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Government’s Role in Public Health Care

The views expressed are those of the author and do not necessarily reflect the views of ASPA as an organization.

By Andrew Vaz
Jan. 20, 2017

PracticingtheArtThe public health care system in the United States is one of the most complicated systems in existence. I wouldn’t call it unique, as many other nations have a hybrid array of public and private insurance markets; it’s just the masses of lobbyists and special interest groups have more of a hold on the way the system operates than in countries such as England and Canada. The U.S. remains the largest first world nation to not operate a national government-run, or single payer health care system. However, with advancements including Medicare and the Affordable Care Act (ACA), they have opened up the prospect of, perhaps one day, a universal health care system becoming a reality for Americans.

Problems with the U.S. Health Care System

The biggest problem with the current health care system is the number of citizens who are uninsured. The Center for American Progress estimated in 2009 that the lack of health insurance in the U.S. cost society $124-$248 billion per year. While the low end of the estimate represents just the cost of the shorter lifespans of those without insurance, the high end represents both the cost of shortened lifespans and the loss of productivity due to the reduced health of the uninsured.

The ACA, passed in 2010, represented a fundamental shift in health care policy; it enabled 97 percent of citizens to sign up for coverage without a preexisting medical condition, some for the first time. While it allowed Americans to sign up for coverage, it does not force citizens to participate in health care exchanges. In fact, Americans are refusing to sign up for health coverage, believing paying the penalty fee in their taxes is worth the cost rather than an insurance program with high premiums. In 2005 for example, the average annual premiums for employer-sponsored health insurance were $2,713 for single coverage and $8,167 for family coverage. In 2015, premiums more than doubled to $6,251 for employer-sponsored single coverage and $17,545 for employer-sponsored family coverage.

The ACA also allowed citizens to apply for an exemption from the health care exchanges that exempt people from penalty fees. However, a majority of Americans are not aware of the full extent of the ACA’s options. Special interest groups and others employ misinformation and as much of health care reform is seen as political, opponents to the law will insure the law will fail and seek its repeal.

This leads to Congress. For 50 years, the fight for health care reform has started and ended with the House of Representatives and Senate. Let’s look at the efforts of Presidential administrations and Congress to legislate health care reform.

History of Health Care Reform and Congress

From the Truman administration to today, reform for health care has seen both progress and failure. President Truman recommended to Congress a proposal for universal health insurance coverage, administered and paid for by a National Health Insurance Board. Unfortunately, the American Medical Association decried it as “socialized medicine,” and the bill died in Congress.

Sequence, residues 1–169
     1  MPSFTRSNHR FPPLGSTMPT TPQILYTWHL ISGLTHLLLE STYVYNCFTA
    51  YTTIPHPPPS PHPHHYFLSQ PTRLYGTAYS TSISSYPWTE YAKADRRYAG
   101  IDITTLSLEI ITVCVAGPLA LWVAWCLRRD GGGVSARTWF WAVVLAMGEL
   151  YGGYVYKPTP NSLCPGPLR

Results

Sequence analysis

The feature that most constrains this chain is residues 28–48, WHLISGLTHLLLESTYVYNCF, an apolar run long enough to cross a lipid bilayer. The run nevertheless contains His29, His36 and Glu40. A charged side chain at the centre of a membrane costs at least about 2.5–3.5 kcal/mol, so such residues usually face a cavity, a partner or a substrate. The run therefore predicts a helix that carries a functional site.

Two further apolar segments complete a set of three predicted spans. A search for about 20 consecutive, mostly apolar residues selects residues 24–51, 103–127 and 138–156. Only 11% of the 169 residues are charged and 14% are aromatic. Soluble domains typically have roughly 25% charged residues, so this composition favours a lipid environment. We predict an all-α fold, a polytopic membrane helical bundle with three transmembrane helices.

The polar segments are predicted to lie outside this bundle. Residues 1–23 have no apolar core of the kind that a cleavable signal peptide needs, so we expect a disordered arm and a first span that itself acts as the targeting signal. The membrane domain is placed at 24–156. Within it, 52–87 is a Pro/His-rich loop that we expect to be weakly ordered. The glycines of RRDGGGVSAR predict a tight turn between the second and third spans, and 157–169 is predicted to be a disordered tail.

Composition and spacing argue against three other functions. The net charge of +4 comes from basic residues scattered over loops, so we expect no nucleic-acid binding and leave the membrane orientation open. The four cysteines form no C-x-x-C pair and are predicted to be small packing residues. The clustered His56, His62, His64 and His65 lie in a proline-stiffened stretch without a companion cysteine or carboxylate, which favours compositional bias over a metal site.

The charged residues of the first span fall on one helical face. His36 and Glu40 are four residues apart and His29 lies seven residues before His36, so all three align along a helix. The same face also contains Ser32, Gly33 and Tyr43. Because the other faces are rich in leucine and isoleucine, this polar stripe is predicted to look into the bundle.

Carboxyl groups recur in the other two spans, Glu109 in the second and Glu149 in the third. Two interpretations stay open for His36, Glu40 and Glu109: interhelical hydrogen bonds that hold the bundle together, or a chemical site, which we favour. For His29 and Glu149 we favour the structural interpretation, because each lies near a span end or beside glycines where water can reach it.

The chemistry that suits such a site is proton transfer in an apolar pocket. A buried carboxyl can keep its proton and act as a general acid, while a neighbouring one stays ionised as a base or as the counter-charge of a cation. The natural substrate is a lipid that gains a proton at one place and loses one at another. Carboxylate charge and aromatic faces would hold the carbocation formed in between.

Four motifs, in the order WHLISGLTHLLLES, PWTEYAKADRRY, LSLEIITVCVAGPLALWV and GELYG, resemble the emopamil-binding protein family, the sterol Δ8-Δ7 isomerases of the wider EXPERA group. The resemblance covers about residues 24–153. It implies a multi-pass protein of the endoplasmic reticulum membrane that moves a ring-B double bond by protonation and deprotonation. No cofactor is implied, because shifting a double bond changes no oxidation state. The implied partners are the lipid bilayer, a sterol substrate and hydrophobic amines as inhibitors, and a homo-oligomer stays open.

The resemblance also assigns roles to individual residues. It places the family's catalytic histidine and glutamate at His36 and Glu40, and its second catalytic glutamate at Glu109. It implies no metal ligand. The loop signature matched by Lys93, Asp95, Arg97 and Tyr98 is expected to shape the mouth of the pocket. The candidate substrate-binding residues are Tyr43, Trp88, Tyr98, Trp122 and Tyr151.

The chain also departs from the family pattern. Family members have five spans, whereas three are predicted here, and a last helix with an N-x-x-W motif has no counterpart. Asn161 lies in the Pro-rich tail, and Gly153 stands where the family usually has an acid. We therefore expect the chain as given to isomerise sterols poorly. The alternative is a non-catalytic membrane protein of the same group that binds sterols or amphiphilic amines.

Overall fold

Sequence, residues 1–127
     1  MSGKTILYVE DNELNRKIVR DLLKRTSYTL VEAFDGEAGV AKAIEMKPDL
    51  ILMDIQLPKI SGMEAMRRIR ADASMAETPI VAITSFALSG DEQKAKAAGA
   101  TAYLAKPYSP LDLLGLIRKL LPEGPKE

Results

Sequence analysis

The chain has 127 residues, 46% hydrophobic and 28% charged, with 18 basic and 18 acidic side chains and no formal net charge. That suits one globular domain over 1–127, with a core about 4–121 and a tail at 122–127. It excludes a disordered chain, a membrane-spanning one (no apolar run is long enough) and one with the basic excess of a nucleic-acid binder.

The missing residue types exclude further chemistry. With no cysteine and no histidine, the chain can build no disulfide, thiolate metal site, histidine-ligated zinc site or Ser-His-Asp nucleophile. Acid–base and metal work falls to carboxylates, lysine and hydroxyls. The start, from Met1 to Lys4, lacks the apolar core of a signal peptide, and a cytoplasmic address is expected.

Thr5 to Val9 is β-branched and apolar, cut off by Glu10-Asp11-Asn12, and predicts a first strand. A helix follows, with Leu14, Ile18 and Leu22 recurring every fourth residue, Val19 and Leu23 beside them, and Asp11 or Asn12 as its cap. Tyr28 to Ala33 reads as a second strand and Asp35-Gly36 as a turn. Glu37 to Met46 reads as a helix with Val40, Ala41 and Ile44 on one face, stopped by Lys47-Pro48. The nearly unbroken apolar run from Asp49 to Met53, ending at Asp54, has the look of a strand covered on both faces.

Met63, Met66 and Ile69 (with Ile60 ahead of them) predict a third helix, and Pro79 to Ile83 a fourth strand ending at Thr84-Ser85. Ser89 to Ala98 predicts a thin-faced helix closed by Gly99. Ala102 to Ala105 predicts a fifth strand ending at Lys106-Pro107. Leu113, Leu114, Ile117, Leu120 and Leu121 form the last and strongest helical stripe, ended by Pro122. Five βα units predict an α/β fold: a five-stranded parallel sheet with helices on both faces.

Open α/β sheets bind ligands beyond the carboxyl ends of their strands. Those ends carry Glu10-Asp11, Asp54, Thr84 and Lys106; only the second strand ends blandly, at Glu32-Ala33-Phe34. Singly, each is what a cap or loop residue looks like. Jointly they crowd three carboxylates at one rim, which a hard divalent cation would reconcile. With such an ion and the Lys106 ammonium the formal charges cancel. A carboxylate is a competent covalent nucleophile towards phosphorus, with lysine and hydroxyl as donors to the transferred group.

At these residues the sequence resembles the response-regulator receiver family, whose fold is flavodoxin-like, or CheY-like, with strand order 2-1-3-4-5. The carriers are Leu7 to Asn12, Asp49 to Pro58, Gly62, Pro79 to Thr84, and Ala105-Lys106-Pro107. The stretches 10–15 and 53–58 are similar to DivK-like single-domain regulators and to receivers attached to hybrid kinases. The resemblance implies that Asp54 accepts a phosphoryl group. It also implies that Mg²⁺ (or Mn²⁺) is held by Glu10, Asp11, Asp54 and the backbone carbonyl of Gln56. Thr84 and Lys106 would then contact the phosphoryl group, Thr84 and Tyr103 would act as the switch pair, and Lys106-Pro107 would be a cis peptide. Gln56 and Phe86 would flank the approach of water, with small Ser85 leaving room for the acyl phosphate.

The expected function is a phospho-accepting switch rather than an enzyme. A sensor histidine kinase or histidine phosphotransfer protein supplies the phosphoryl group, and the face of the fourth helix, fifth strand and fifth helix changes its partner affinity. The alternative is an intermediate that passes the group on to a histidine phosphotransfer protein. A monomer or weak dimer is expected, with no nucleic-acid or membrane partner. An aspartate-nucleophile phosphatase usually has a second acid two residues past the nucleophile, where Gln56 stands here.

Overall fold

The Kennedy administration pursued a more modest form of health care coverage than that proposed by President Truman. The Kennedy administration supported the King-Anderson bill, under which health insurance coverage would be limited to those 65 years of age and older and be part of the Social Security benefits package. Kennedy, in addition, created more avenues to develop the foundation of what would ultimately become Medicare. Unfortunately, Kennedy’s health care plan was denied by Congress—opposed by the powerful American Medical Association, with help from conservative Democrat Wilbur Mills, chairman of the House Ways and Means Committee, the bill was defeated in Committee.

Moving forward to the Clinton Administration, a proposal was developed that would allow for health insurance coverage to be provided through private insurers competing for customers in a highly regulated market, overseen and coordinated by regional health alliances to be established in each state—a precursor to Obamacare. All health plans would be required to provide a minimum level of benefits and employers would be required to provide insurance coverage for their employees. However, President Clinton’s bill was opposed by the health care and health insurance industries; by September 1994 the proposal was declared dead by Senate Majority Leader George Mitchell.

With the Bush Administration, Congress passed an aggressive Medicaid expansion package, called Medicare Part D—a prescription drug coverage benefit. Medicare Part D was the first successful health care reform in the U.S. and laid the framework for what would eventually be the biggest comprehensive reform package known as the Affordable Care Act under the Obama Administration.


Health care reform will be tabled again under the new administration. What will become of health care reform going into the next administration is anyone’s guess, however, the pursuit for universal health access will continue.

AuthorAndrew R Vaz, M.Sc., M.P.A. is a doctoral student in public policy and administration program at Walden University. He is a graduate of the Master of Science in Criminal Justice and Master of Public Administration double master’s program at Florida International University. He can be reached at [email protected]

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